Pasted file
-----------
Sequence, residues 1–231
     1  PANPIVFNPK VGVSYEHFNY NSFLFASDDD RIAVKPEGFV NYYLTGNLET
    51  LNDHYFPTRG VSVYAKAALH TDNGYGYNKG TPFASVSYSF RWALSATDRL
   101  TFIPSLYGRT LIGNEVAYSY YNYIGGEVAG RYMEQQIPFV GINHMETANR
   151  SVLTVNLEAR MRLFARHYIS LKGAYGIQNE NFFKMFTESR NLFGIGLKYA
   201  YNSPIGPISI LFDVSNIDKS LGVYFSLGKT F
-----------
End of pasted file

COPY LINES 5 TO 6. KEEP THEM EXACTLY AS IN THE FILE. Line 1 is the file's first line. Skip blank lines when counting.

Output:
   151  SVLTVNLEAR MRLFARHYIS LKGAYGIQNE NFFKMFTESR NLFGIGLKYA
   201  YNSPIGPISI LFDVSNIDKS LGVYFSLGKT F